Last month I scared a few folks with fire. Some were concerned, some were energized by my intensity igniting action, and some were confused. Some ignored the flames. All of these responses are beautiful and welcomed. But the pith point is: embodied sufficiency requires us to burn through the dregs of our complacency and be powerfully moved by situations, people and emotions. In other words, by being fully present to the “fiery” situations in life, my pissed-off-ness has carved out a cleaner, deeper, truer space of sufficiency, allowing for a pristine clarity from which to respond to situations, people and emotions. This is freedom. This is life.
Today, in late July, I feel joy, happy and inspired, more like water than fire, fluidly open to possibilities, and excited by a few discoveries. Tomorrow, or even this afternoon, I might be feeling something different. The ability to be present to what is, builds your ability to embrace and feel expanded sufficiency—and the tentacles reaching others get closer, generosity beginning to blossom. Can you feel the pull towards co-creation?
I have been reading reports on the explosion of the sharing economy. New ways are developing to co-own our possessions with others. Instead of the dire need to own (me, mine, myself), we are recognizing the intelligence and benefit of renting, sharing, and borrowing (we, us, everyone). Years from now, I imagine we will look back on this time and see a huge transformation in what really matters. I can’t wait.
You are likely aware of some of the choices for sharing, such as Airbnb, Zip cars, Uber, Lyft, and local upscale clothing. Each day new ideas are ignited for optimizing the use of “non-owned” material goods. The Lexington Public Library in Massachusetts and the Nashville Public Library in Tennessee loan out musical instruments in addition to traditional books and movies. No doubt other libraries across the country are doing the same. The inventory of instruments is growing daily, thanks to those who recognize the value of music and the waste of an unused idle instrument. Can you hear the guitars hidden in the back of closets whining to be strummed?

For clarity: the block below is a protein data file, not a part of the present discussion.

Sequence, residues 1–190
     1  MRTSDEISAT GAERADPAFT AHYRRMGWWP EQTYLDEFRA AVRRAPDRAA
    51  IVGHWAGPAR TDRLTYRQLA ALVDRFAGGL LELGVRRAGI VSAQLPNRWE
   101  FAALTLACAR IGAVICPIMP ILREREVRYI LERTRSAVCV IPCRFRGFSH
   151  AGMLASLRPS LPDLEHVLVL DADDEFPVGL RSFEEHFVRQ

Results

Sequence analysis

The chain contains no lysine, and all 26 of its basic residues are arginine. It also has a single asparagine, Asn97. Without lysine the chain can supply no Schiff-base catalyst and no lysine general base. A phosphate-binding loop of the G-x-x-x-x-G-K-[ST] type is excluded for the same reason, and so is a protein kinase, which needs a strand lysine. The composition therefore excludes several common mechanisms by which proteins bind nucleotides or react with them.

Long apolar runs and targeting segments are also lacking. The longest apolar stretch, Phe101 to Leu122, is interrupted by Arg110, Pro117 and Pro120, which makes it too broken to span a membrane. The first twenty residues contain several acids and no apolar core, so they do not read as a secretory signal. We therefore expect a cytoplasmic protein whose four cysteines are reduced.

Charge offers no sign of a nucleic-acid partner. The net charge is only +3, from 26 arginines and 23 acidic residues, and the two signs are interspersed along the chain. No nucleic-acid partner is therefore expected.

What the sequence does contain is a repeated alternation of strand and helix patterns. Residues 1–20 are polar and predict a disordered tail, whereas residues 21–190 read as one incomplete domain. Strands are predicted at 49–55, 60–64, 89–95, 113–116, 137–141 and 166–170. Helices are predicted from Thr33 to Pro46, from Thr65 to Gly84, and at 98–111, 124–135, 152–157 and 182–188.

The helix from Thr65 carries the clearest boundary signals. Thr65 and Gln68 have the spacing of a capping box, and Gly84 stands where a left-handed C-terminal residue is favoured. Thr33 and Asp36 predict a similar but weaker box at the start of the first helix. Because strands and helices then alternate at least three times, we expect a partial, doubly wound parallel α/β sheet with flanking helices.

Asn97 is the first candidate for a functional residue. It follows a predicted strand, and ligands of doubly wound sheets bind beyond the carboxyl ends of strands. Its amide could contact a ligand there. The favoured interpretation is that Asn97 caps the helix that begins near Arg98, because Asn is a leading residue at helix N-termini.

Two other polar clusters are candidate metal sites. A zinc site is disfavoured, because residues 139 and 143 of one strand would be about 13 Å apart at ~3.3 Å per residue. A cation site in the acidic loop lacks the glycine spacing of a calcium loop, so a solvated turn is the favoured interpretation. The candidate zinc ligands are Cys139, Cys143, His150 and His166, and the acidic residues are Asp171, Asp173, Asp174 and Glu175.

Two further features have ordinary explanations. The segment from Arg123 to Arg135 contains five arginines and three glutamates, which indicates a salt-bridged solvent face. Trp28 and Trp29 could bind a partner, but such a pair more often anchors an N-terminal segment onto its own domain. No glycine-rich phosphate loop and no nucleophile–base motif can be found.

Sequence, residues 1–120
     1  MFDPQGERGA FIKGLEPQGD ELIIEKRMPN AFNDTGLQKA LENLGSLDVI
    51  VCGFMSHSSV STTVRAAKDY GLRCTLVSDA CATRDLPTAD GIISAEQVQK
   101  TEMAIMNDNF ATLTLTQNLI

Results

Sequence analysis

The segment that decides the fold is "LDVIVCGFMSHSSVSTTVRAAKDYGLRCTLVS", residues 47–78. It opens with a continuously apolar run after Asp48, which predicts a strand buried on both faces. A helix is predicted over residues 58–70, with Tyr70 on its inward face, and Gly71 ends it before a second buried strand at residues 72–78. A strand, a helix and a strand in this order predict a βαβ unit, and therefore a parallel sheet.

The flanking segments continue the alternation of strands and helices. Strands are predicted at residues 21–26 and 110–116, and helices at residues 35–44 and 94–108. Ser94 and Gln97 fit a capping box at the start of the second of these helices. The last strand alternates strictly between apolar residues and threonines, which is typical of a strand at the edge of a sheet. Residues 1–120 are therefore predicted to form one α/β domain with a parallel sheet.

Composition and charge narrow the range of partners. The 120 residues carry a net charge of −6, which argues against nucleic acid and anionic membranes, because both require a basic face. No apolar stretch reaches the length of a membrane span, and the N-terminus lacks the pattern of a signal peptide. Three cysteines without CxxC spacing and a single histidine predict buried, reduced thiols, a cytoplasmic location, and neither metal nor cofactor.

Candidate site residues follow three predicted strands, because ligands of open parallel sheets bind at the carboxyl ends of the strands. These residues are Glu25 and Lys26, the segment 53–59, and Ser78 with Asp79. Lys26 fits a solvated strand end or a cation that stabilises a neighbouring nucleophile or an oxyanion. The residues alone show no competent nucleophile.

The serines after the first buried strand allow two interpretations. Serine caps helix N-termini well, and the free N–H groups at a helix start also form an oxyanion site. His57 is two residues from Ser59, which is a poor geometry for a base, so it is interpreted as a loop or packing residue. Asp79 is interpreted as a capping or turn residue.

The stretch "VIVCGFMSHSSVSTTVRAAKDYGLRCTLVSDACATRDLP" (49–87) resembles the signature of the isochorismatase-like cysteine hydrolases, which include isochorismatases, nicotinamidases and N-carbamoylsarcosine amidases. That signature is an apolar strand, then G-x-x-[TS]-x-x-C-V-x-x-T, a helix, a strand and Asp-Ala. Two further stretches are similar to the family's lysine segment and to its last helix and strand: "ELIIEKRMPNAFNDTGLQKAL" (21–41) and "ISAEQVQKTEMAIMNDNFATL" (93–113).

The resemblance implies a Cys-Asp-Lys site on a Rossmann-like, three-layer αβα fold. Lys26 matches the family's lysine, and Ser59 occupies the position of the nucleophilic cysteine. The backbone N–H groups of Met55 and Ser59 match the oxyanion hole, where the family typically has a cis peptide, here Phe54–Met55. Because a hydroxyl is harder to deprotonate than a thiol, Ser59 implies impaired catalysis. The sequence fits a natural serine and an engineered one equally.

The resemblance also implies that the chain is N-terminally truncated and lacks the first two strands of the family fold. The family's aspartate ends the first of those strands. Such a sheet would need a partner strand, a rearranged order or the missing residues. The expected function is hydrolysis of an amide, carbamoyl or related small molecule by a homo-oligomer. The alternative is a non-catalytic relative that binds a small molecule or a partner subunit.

What else is blossoming in the sharing economy? Transportation and recreation vehicles of many flavors: bikes, boards, boats and RVs (check out Spinlister, Boatbound, RVShare). The cost of buying and maintaining these toys is noteworthy – not only in dollars but also in time. Time is spent making repairs and funding maintenance rather than in their desired use with other people. Growing up in a boat-owning, fishing, water-skiing and -recreation family, I often heard the phrase, “the best boat is your friend’s boat.” Meaning, using another person’s boat optimized the experiences of boating activity. Essential enjoyment of a boat was the actual use on the water, and these times decreased over the passage of ownership, consuming time and energy in maintenance.
The sharing economy spreads into food consumption, expanding from physical nourishment to a nourishing experience (check out Feastly). Meal sharing and meeting new people at the same time could become our evolved new way of dining. Enjoying a special menu with a chef at his or her home, with others, is a budding scheme. Or, have you heard of, or perhaps participated in, a Pop-Up community dinner? Not so long ago on Facebook I enjoyed viewing a friend from Charleston S.C.’s photos of the pop-up community dinner in her neighborhood. Everyone was wearing white. On the lawn of the community park, portable card tables were lined up and decorated with tablecloths, utensils. Participants brought dishes to share with each other.
Sharing, expanding our embodied sufficiency to generosity, as we recognize opportunities to connect with others in new and fresh ways, supercharges our well-being toward soaring. Over five years ago, maybe close to ten, I wrote about an innovative idea and website called: rentme.com. After a slow start and stumble, it folded. I don’t recall how long it lasted, but when I went to rent a wheelbarrow, it was no longer in operation. The concept of renting instead of owning a few years ago didn’t succeed; it was too early. But, now, in a climate of shifting values – as our planet suffocates and as we realize stuff no longer generates pleasure – we are open to connecting with others in a new way. This way of sharing, borrowing, and renting allows us to spread our wings in life. We free up energy to direct toward that which gives us the most satisfaction, well-being and nourishment.
Sparking joy and ease,
P.S. Sparking joy is a phrase from the popular book, “The Life-Changing Magic of Tidying Up”, by Marie Kondo. She offers a somatic practice of clearing your home of unwanted (non-joy-sparking) items that is both effective and easy.